Sapuraanga. - I am weathered in. (literally, “It blocked me.”)
The Alutiiq verb sapuluku literally means, “to block it”: to physically obstruct something or someone. For example, you could use this word on your boat, when a very low tide kept you from traveling through a channel, or to indicate that locked doors are keeping you from getting into your car. This verb can also be used for the Alutiiq phrase sapuraanga, which means, “I am weathered in.” In other words, the weather is blocking the airplane from picking you up. This useful, descriptive verb can also be changed into a noun, saputaq, to indicate something that is a blocker. Although the precise Alutiiq word for a fence has been lost, saputaq can be used to generally indicate a fence, a dam, or even a weir.
In prehistoric times, Alutiiq communities built fish fences, or weirs, out of stone. People piled cobbles in shallow rivers to form large V-shaped traps. Fish swam into these enclosures, which opened downstream, and were blocked from moving any further. Archaeologists find remnants of these stone weirs on Kodiak’s major salmon streams. In the historic era, Russian colonists introduced heavy log dams known as zapors. Fishermen used these large barricades in some regions of the archipelago until the early twentieth century. Today weir fishing is illegal around Kodiak. Instead, weirs are part of local fish management, installed by the Alaska Department of Fish and Game in area streams to count salmon as they return to spawn.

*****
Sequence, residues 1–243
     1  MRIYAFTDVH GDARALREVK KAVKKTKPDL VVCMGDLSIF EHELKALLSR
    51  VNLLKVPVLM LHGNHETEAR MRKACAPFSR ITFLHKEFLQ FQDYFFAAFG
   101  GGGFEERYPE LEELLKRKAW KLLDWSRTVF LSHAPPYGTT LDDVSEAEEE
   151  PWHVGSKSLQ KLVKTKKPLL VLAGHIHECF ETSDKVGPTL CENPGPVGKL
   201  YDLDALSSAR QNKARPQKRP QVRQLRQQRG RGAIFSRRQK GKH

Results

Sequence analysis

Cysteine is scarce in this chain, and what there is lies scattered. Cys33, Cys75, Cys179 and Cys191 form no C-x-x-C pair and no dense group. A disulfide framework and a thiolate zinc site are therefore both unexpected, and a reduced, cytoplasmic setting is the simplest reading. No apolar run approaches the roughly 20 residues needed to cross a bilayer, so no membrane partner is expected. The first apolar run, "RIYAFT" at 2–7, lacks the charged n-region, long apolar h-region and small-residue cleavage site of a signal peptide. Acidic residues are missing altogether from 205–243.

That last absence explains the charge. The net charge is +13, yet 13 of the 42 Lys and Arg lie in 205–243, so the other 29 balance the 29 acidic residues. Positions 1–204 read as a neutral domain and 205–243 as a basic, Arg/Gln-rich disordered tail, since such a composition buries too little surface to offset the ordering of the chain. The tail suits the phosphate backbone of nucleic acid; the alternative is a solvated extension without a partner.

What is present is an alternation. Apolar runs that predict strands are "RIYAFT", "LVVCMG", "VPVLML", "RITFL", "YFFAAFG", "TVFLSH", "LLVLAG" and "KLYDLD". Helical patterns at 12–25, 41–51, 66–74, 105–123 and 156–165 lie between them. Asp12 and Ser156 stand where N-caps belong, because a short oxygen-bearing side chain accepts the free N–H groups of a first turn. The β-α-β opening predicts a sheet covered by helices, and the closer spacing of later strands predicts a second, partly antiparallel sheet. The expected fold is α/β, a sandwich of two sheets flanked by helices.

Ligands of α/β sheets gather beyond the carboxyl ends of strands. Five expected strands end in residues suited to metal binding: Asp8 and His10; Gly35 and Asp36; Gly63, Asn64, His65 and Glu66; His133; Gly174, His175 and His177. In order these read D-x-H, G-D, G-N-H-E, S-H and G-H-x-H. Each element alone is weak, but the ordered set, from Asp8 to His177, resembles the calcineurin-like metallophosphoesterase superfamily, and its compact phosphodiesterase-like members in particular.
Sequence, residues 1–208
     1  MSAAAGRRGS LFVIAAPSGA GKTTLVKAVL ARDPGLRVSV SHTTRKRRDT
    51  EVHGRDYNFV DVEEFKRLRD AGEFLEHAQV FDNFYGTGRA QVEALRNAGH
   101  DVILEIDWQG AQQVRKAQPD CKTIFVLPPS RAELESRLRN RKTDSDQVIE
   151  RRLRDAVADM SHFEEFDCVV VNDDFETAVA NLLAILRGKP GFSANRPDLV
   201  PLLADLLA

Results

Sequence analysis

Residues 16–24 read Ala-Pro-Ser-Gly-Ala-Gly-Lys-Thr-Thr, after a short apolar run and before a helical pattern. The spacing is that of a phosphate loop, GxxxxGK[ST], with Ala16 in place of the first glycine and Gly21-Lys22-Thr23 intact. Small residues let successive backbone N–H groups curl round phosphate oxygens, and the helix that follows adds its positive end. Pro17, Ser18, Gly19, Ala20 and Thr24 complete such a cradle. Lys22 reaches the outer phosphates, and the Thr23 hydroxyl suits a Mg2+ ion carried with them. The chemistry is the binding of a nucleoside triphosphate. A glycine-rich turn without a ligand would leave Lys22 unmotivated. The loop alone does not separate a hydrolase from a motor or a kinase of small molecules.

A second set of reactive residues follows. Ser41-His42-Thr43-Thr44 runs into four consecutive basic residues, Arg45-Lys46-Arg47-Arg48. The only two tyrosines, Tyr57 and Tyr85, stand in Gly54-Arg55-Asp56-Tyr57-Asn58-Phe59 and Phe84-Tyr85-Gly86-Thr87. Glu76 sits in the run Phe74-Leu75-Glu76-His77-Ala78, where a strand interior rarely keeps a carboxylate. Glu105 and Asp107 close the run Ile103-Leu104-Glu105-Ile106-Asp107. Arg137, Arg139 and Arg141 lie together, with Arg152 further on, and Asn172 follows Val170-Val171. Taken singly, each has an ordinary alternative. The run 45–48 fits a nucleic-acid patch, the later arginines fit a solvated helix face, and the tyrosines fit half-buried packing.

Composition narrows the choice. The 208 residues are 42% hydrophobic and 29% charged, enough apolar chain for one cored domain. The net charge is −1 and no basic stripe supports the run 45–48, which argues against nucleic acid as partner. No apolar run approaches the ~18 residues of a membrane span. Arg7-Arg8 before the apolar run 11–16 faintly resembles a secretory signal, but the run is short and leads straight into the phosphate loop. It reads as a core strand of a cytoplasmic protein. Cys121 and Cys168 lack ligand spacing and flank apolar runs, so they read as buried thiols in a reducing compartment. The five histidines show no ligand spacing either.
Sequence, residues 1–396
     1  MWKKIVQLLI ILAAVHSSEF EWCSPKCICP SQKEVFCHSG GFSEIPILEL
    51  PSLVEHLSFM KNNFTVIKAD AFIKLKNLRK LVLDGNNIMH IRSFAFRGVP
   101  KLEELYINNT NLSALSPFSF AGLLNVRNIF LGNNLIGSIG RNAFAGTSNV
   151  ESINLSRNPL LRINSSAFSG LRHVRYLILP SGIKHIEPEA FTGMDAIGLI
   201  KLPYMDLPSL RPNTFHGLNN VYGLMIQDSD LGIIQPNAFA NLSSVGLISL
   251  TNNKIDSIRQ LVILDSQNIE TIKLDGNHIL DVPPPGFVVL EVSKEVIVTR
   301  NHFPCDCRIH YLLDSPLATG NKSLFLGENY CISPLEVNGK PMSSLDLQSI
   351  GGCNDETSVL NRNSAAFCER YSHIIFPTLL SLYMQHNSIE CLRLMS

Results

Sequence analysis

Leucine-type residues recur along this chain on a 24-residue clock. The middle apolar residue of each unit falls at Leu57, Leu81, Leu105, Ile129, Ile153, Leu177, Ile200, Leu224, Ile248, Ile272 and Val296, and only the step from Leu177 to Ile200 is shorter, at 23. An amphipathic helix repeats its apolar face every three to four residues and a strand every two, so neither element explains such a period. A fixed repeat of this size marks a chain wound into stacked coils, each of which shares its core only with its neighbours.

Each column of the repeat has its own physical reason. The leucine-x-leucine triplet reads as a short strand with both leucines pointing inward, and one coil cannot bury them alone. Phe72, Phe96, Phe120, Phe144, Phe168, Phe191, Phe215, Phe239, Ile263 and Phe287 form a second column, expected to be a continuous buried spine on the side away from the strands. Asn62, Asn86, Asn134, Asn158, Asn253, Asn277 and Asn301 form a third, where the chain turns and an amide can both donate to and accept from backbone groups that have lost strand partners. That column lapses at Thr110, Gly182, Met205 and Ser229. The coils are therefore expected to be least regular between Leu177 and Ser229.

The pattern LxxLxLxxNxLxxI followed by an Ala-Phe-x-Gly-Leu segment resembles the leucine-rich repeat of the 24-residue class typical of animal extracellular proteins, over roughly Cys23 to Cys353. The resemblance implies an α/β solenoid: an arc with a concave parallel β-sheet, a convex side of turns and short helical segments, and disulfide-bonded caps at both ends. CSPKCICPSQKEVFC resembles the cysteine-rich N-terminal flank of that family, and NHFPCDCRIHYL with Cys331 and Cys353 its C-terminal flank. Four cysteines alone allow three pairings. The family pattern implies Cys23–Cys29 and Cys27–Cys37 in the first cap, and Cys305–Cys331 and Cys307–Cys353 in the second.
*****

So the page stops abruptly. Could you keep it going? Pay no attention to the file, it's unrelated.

Photo: A foggy day on Kodiak.